Why Didn't Liberals Embrace 'Whiskey Tango Foxtrot'?
I don't know what made me decide to take a chance the other day on Whiskey Tango Foxtrot, a movie released last year and now available on Netflix. I've had it up to here with anti-American, military-bashing movies about the wars in Afghanistan and Iraq, and I had no reason to believe that this one, about an American network news correspondent who spends a couple of years based in Kabul, would be any less PC or preachy than Redacted, Syriana, Rendition, In the Valley of Elah, Stop-Loss, Grace Is Gone, Green Zone, or a dozen others. (I liked The Hurt Locker and American Sniper, but Whiskey Tango Foxtrot, which flopped last year when it was released in cinemas, definitely didn't look like it was in the same class as those pictures.)
But I gave the movie a chance anyway, deciding to have it on while I was futzing around the apartment. I was pleasantly surprised almost immediately. Tina Fey, playing a longtime newsroom writer with zero on-camera, war-zone, or foreign-correspondent experience (the movie is based on a memoir by Kim Barker, then of the Chicago Tribune, now of the New York Times), arrives in Kabul only to be greeted at the airport by a hijab-clad local woman who barks at her: “Cover your hair, shameless whore!” That line was a good sign – this was one movie, apparently, that wasn't going to back off from gags at the expense of Islamic culture. After Fey is driven to the house where she'll live with a bunch of reporters for other Western media organizations, one of those reporters – a stunning Britain blonde – tells her that while she (Fey) is a “six or seven” in New York, she's almost a ten in Kabul. Another good sign – this movie's not too PC to make jokes based on the premise (offensive in some quarters nowadays) that some women are more attractive than others.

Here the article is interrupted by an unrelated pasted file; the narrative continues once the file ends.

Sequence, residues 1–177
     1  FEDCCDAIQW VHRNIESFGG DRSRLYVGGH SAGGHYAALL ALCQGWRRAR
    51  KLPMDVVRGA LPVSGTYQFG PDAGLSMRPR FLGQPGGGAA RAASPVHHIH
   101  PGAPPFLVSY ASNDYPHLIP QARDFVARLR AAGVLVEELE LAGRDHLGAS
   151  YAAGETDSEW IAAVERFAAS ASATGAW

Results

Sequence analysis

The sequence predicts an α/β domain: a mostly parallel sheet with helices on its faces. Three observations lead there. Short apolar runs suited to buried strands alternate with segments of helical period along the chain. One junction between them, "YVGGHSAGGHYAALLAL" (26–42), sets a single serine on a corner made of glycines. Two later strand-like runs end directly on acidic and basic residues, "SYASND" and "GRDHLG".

It got even better. Seeing a bunch of women in blue burkas, Fey calls them “IKEA bags.” She gives her translator a copy of Oprah's magazine, O, so he can get some idea of how women think. Visiting a village on a Marines embed, she's irked that the male interpreters aren't allowed to talk to the local, burka-wearing women. In the same village, where a well installed by the Marines has been repeatedly destroyed, presumably by the Taliban, she's taken aside by the village women, who, removing their burkas, explain to her that they're the ones who keep destroying the well, because walking down to the river to get water is the closest they ever get to being free.
I was stunned. Was this really a Hollywood movie?
There was more. Interviewing an Afghan official, Fey addresses the continuation under the Karzai government of Taliban-style “vice and virtue” policing and the retention of sharia law in Kandahar. Preparing to visit Kandahar, Fey quips about the burka she's obliged to wear there: “It's so pretty I don't even want to vote.” Her Afghan bodyguard tells her: “Now you are in the blue prison.” In Kandahar, she visits a girls' school firebombed by the Taliban. There's graffiti on the wall. “What does it say?” she asks. The answer: No education for women.